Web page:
HICP inflation fell from its peak of 25.9% in 2023-Q1 to 3.6% in 2024-Q1, as the impact of earlier energy and food price increases faded, and consumer demand dropped. However, HICP excluding energy, food, alcohol and tobacco remained elevated at 6.1% in 2024-Q1. High wage growth, stronger consumer demand, and backward-looking price setting in certain sectors, are maintaining inflationary pressures in 2024. These are expected to ease only gradually in 2025. Excise duty hikes and a higher retail tax also contribute to inflation in 2024. Overall, HICP inflation is projected to ease from 17.0% in 2023 to 4.1% in 2024 and 3.7% in 2025. 

The economic outlook is surrounded by significant uncertainty. Fiscal consolidation efforts could weigh on GDP growth but they might also result in higher inflation. At the same time, a faster-than-expected rebound of private consumption or further large minimum wage increases could raise both GDP growth and inflation.  

The budget deficit is set to remain elevated 

The budget deficit rose to 6.7% of GDP in 2023, up from 6.2% in 2022. The large budget slippage can be attributed to the underperformance of revenue, reflecting weaker-than-expected economic performance, and to expenditure overruns, in particular on interest, pensions and public wages.  

In 2024, the deficit is forecast to decrease to 5.4% of GDP, driven by the recovering economy and by lower projected subsidies to utility companies to cover their losses from regulated energy prices. The net budgetary cost of measures to mitigate the impact of high energy prices, including the windfall profit taxes collected from the energy sector, is estimated to fall from 1.6% of GDP in 2023 to 0.9% in 2024 and 0.4% in 2025. Labour tax revenue is set to grow rapidly on the back of robust wage growth. At the same time, property income is projected to fall in 2024 in line with lower interest rates and lower projected dividends of state-owned enterprises. Primary current expenditure is expected to grow slightly below nominal GDP, while interest expenditure is forecast to increase. Capital expenditure is projected to remain subdued in line with some announced postponements in nationally financed public investments.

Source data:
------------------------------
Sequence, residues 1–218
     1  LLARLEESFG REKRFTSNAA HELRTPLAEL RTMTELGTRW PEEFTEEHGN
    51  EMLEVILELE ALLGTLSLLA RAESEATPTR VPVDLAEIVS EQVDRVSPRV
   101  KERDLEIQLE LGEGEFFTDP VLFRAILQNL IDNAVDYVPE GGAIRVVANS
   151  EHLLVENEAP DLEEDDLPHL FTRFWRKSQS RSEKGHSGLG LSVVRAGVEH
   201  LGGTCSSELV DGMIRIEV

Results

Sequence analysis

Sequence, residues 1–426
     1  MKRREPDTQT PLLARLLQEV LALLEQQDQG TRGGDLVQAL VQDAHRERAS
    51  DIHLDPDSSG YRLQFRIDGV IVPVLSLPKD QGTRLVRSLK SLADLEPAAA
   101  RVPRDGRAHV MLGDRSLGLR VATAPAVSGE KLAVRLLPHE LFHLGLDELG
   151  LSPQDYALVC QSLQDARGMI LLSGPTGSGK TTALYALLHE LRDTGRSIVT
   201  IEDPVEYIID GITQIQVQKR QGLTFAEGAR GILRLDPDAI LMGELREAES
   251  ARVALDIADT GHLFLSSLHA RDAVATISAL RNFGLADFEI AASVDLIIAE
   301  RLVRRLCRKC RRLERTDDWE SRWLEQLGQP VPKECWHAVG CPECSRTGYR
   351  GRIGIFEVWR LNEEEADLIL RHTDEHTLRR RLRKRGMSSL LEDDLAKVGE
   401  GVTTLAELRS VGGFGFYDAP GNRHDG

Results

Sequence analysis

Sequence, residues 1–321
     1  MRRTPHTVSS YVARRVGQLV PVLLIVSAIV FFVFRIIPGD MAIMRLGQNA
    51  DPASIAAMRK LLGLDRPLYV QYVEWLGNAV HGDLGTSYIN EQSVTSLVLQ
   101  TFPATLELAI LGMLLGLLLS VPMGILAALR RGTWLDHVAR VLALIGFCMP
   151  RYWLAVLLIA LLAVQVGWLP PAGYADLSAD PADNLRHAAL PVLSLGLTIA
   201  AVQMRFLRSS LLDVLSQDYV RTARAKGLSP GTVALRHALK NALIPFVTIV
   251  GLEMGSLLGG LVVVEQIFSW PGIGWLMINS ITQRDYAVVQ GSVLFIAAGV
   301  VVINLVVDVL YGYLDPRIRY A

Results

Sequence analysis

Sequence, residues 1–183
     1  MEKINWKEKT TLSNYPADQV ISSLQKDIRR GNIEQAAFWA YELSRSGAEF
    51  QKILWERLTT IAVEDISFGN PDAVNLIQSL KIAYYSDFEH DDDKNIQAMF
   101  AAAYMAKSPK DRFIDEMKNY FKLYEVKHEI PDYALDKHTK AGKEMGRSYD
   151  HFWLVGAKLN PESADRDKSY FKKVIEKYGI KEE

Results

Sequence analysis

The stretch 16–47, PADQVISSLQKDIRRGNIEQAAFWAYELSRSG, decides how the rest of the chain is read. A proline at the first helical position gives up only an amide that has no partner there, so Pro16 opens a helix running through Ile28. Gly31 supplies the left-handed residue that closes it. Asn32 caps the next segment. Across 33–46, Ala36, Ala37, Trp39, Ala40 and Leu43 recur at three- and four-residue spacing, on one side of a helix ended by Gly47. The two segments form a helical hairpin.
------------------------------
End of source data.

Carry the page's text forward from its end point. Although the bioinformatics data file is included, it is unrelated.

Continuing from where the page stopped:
In 2025, the deficit is projected to narrow to 4.5% of GDP based on unchanged policies, supported by the further improving macroeconomic outlook. The planned phasing out of the sectoral and windfall profit taxes in 2025 is estimated to lower revenue by 0.5 pps. of GDP. Expenditure growth is set to be contained in 2025, as subsidies will continue to decline and the interest expenditure is forecast to decrease due to lower coupons on inflation-linked bonds. 

The debt-to-GDP ratio fell slightly to 73.5% in 2023. The strong debt-decreasing impact of high inflation was offset by the high interest expenditure, negative primary balance and borrowing by the national development bank to finance its lending schemes. Debt is projected to rise to 74.3% of GDP in 2024, driven by lower nominal GDP growth and a high budget deficit, before falling again to 73.8% in 2025.